Susi
Posts: 6
Joined: Mar 2003

Hi Berta,
I can't believe it's taken me this long to check back and see if there were any other persons out there who I could correspond to. In reading your letter it appears to me that you were very lucky in having your diagnosis so quickly made and only being in Stage l. You are so fortunate!! and I'm sure your survival and remission is going to be long term. When I was diagnosed, I was Stage lll with tumors throughout by body from head to toe. I was on chemo for the first 4 months with inpatient 96 hour continuous chemo the first week and then two weeks following of oral chemo. Then I had to leave my home, get an apartment near the U of Minnesota and stayed there for 4 months while I had a stem cell transplant. If you have been reading, you will know that this is an elderly cancer mostly men and mostly black. It is only 1% of all cancers but is on the increase.
I found out of one new female in our area tonight and know of one other and I keep in touch with her. She had a transplant about the same time as I did. After my diagnosis in 1999 my Mom was diagnosed with the same cancer in 2000. She fought as hard as she could but sadly passed away last April 25 so we are nearing the one year of her death. She was 73. We know that positive thinking is the key and when you have cancer your outlook on life is very different. I thought at first that I wouldn't see my sons through the next year and here I am 4 years later. I now have 6 grandchildren!! And I plan on being here as long as I can to see more of them and see them grow up. My now 11 year old said he told God he needed me too much and God listened. So I hope all well - and I must tell you that I too have T-9-11 problems and still have backpain. I was on pain meds for over two and 1/2 years but now am able to not be on them. I still tire very easy and am on total disability but am functioning well enough to take care of my home, 11 year old and do as much volunteer work as I can. I too have neuropathy in my feet from the chemo and there are days when it is very painful. I will be put on thalidomide if I fall into relapse. The main thing now is the ACS Relay For Life - we need to make all others aware of the need for continued research so we can find more answers to this dreaded cancer. I will check back again soon and see if there is any other questions I can answer for you. Take care and God Bless susi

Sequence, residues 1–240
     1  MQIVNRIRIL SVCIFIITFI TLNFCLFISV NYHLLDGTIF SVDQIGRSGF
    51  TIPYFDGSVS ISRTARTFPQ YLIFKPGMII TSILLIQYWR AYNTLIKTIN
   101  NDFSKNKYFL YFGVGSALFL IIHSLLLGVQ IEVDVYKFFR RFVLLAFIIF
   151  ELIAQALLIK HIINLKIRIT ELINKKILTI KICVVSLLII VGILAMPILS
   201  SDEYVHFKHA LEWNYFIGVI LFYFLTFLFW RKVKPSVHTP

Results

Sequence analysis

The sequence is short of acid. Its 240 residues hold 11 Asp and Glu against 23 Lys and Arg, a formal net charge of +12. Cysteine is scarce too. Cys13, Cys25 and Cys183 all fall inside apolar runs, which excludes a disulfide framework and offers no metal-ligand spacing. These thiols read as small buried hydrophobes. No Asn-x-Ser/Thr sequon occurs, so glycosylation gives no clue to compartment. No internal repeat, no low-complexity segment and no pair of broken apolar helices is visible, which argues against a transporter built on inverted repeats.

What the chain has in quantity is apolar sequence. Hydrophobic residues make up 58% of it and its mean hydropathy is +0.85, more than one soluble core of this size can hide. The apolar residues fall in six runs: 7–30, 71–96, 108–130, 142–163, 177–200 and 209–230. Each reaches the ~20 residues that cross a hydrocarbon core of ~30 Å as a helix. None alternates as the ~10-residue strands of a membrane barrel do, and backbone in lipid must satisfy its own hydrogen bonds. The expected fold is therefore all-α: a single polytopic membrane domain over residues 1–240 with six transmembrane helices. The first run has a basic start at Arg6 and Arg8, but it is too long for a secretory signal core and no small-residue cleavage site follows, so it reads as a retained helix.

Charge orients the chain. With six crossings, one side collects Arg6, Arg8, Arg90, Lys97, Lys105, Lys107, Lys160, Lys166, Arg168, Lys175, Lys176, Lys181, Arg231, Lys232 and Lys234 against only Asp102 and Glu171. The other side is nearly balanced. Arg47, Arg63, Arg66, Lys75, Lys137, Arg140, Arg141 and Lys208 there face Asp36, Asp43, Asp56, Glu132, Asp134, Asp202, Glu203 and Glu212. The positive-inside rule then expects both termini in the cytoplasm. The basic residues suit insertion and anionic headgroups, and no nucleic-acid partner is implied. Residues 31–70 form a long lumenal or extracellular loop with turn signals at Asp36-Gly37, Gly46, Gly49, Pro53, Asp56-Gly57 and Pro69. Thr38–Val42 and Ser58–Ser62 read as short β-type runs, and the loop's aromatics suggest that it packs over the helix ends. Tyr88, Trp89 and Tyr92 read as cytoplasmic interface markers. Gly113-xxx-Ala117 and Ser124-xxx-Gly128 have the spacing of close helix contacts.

jeand
Posts: 1
Joined: May 2004

Hi Shelley: My name is Jean and I am 66 yrs young. I was diagnosed in stage 3, in April, 2003. I was on Thalidomide and Decadron for 8 months and then had autologous stemcell transplant inn Feb. 2004. That was rough but am improving and take one day at a time. I have recently been able to work in my flower beds which was my goal for this spring. I have a lot of back pain and have lost almost 3 inches in height. I was hospitalized just this week for severe abdominal pain. Supposedly not cancer related (suspected appendicitis or diverticulitis) and will have a colonoscopy in a month to try to determine the origin of the nflamation. My dr. told me they considered me in partial remission. I think I am improving everyday. I would like to correspond with others with MM. I am a widow with 4 adult children. One daughter lives with me and is my caregiver when I need one. my email is : jean-doyle@charter.net if you would like to compare notes.

StrongGM
Posts: 1
Joined: May 2003

Hello All! I'm the daughter of a Mother, 62, who was diagnosed with MM in February 2003. I must say it has been a tough road for me and my husband (recently married in August '02). I never would have imagined that 2003 would be the year of so much anxiety, pain, and frustration. My Mother is in stage II of MM. She has been hospitalized twice because of weakness and low blood pressure. The oncologist informed me that this typical with this type of disease. Seeing my Mother so weak has really affected me and my husband. It's May and thank the Lord she's still here and remaining strong. At times she looks just like her herself. If it wasn't for her back pains - she would look like she did in 2002. I'm very surprised to read that even in stage III there's the blessing of being in remission. Unfortunately, my Mother is not a candidate for stem cell transplant at this time so she's taking her chemo orally. I've been told that her lifespan is 1-2 two years. Only God knows when he wants to take her home so I try to ignore what they (the doctors say) and just pray that she wakes up to see the sunshine, rain and clouds; hear the birds sings and just make the best of life despite her condition. I hope I can continue this communication because I need to let my Mother know that she's not alone and to continue to keep hope.